Figure 7. Rainfall intensity as a function of the duration of natural and simulated rainfalls. Note:
    two capital letters after reference represent the ISO Alpha-2 country code that designates countries in which measurements have been conducted [23,129–133]. Note: dotted lines represent simulated rainfall duration and rainfall intensity values that are given in a range.

    2.4. Kinetic Energy (KE)

    The KE of rainfall is determined by the size distribution of raindrops and their falling speed. Since the diameter of the drop and the height of the fall are known for DRS>1, it is possible to calculate the KE of such precipitation. There are several works that determined the terminal velocity of drops of different diameters under given conditions [100][101][102][103][104] however, during simulations, due to the insufficient height at which the drops were placed, terminal velocities were often not reached. Given that the change in drop velocity does not occur linearly with the change in drop height and is different for drops of different diameters, there is no single equation that could represent this relationship [100]. For the purposes of the research, a mathematical model by [100] for determining the terminal and achieving the speed of drops of different diameters at different heights of drops was applied for the determination of the achieved speed, i.e., the KE of drops in the previous simulations (Figure 8).
    Figure 8. Achieved drop KE of simulated precipitations for different heights based on the mathematical model of [100]. Note: the analysis did not include simulations for which drop height values were given in a range.
    For 1-mm drops, the required height to achieve 90% of terminal velocity would be proximately 1.5 m, and for 2-mm drops it would be about 4.0 m, after which it increases to about 5.5 m for bigger drops [100]. Figure 9 shows the representation of different fall heights during the simulations, where it can be seen that most simulations were conducted at a fall height of up to 2 m (43.7%), and then the percentage decreases gradually as the height gets closer to 5 m (31.1%). Falling heights over 5 m occupy 25.2% of all simulations and occur relatively equally, while the highest recorded falling height is 14 m. However, depending on the diameter of the drop, the presented values of the drop height may or may not be satisfactory in terms of achieving the terminal drop speed [100].
    Figure 9. Number of simulations at different heights of simulated precipitation [32]. Note: data whose values are given in ranges are not included in the analysis.
    The number of simulations with a KE lower than 30% have a steep rise within categories, after which their number slowly falls with the increase in the KE until reaching the category of 90-100%, which comprises 33.0% of simulations. Most the simulations (58.6%) occur in the range between 20 and 90% KE, while only 8.4% are lower than 20% KE. Drops smaller or equal to 2-mm diameter achieved a KE in a range of 60-80% in 28.6% of the simulations, while 71.4% of the simulations achieved over 85% of the KE.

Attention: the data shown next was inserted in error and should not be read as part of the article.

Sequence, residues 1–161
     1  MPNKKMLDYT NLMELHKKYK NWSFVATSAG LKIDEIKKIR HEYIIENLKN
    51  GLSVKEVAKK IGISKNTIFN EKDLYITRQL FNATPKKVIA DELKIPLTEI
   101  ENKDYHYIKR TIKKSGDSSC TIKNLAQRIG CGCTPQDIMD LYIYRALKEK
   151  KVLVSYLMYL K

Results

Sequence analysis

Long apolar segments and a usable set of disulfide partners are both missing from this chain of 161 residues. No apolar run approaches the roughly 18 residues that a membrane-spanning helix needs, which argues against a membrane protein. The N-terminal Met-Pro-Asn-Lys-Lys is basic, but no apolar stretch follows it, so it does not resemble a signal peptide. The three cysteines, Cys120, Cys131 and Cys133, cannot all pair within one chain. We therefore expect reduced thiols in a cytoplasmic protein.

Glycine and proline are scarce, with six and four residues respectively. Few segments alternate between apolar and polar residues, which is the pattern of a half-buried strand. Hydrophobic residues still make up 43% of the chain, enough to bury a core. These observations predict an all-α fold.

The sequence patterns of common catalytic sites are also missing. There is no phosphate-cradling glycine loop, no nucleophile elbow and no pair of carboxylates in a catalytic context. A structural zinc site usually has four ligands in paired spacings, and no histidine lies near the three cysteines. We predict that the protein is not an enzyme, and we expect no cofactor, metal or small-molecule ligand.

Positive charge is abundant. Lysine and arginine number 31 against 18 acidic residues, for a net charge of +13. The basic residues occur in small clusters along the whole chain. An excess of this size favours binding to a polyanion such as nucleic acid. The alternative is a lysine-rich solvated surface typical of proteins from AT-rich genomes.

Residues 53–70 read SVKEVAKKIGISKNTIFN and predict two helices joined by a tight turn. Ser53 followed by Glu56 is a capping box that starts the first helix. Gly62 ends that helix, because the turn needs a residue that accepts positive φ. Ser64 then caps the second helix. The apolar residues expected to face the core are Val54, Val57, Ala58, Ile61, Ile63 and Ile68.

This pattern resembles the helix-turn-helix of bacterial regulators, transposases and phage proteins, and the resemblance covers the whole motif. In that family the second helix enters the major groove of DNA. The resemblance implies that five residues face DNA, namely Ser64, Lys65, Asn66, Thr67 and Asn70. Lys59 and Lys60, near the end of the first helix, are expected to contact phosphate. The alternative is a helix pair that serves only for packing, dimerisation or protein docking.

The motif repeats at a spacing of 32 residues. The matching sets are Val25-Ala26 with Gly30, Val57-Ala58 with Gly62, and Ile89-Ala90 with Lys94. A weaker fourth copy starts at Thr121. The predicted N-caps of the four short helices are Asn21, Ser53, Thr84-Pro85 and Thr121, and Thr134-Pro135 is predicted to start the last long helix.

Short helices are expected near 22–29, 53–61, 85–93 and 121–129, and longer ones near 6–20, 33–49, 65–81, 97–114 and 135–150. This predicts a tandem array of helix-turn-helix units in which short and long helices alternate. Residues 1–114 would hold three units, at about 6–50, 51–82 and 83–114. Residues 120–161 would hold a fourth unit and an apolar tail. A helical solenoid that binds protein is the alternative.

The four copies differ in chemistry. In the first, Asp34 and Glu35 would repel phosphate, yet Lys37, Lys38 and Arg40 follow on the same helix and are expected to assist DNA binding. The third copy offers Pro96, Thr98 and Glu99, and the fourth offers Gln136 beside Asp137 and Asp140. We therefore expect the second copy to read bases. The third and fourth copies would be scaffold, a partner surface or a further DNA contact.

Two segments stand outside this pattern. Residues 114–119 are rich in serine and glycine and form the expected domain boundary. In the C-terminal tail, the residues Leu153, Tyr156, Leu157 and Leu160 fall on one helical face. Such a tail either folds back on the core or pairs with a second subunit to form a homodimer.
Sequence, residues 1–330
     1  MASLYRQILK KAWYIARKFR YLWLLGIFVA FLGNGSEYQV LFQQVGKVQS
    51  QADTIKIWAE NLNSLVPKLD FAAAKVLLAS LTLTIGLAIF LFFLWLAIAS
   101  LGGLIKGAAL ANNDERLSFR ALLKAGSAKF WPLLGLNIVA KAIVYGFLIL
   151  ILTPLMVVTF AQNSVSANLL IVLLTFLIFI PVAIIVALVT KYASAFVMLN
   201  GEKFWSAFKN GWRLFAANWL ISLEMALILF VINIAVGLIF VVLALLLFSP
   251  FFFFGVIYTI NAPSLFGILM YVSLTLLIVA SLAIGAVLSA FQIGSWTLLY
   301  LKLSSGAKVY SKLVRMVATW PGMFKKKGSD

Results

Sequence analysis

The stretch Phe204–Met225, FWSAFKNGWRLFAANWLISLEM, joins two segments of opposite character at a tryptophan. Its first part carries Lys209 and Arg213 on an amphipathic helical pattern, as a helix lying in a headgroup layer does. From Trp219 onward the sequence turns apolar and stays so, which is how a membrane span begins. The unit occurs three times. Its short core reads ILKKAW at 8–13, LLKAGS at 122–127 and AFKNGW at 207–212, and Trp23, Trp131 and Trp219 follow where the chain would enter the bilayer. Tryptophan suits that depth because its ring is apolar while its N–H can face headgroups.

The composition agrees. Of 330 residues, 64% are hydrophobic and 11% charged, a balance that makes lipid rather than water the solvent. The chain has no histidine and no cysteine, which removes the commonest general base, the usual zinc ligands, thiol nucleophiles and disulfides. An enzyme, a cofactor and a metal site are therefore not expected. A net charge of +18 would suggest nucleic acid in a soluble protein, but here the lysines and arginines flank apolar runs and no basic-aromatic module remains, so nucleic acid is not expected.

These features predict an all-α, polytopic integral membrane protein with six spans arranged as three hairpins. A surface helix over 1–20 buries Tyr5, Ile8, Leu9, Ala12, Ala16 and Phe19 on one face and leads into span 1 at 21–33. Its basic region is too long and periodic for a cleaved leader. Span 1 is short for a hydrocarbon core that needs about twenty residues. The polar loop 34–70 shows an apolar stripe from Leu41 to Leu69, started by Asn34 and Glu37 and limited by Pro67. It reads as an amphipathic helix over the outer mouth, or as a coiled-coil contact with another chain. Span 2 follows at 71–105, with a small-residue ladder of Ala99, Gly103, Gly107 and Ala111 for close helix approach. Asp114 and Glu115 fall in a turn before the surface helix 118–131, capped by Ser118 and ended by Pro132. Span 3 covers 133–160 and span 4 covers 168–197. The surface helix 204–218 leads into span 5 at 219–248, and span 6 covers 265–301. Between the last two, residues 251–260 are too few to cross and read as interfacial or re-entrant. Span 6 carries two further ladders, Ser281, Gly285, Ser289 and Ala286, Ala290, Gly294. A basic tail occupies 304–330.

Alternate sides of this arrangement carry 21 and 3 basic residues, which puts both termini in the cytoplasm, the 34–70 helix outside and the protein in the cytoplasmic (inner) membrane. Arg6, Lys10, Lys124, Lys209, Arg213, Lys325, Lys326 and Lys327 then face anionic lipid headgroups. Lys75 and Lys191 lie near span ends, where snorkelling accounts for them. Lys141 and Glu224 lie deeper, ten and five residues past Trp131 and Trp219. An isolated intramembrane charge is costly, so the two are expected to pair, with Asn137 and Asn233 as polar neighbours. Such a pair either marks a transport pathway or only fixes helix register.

/media/item_content/202305/6461f5b4c9966water-15-01314-g014.png
    Figure 9. The number of simulations at different values of the achieved KE in relation to falling drops of different diameters. Note: data whose values of drop diameter or fall height are given in ranges are not included in the analysis.

    3. Conclusions

    DRS can provide rainfall that corresponds well with natural rainfall, except in terms of the drop size distribution and wetted area, which can be cited as the biggest shortcoming of DRS; on the other hand, usually there are more factors that do not correspond to the natural conditions, such as the median drop size volume and kinetic energy.

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      Rončević, V.; Živanović, N.; Van Boxel, J.H.; Iserloh, T.; Štrbac, S. Dripping Rainfall Simulators for Soil Research. Encyclopedia. Available online: https://encyclopedia.pub/entry/44212 (accessed on 04 June 2023).
      Rončević V, Živanović N, Van Boxel JH, Iserloh T, Štrbac S. Dripping Rainfall Simulators for Soil Research. Encyclopedia. Available at: https://encyclopedia.pub/entry/44212. Accessed June 04, 2023.
      Rončević, Vukašin, Nikola Živanović, John H. Van Boxel, Thomas Iserloh, Snežana Štrbac. "Dripping Rainfall Simulators for Soil Research" Encyclopedia, https://encyclopedia.pub/entry/44212 (accessed June 04, 2023).
      Rončević, V., Živanović, N., Van Boxel, J.H., Iserloh, T., & Štrbac, S. (2023, May 12). Dripping Rainfall Simulators for Soil Research. In Encyclopedia. https://encyclopedia.pub/entry/44212
      Rončević, Vukašin, et al. "Dripping Rainfall Simulators for Soil Research." Encyclopedia. Web. 12 May, 2023.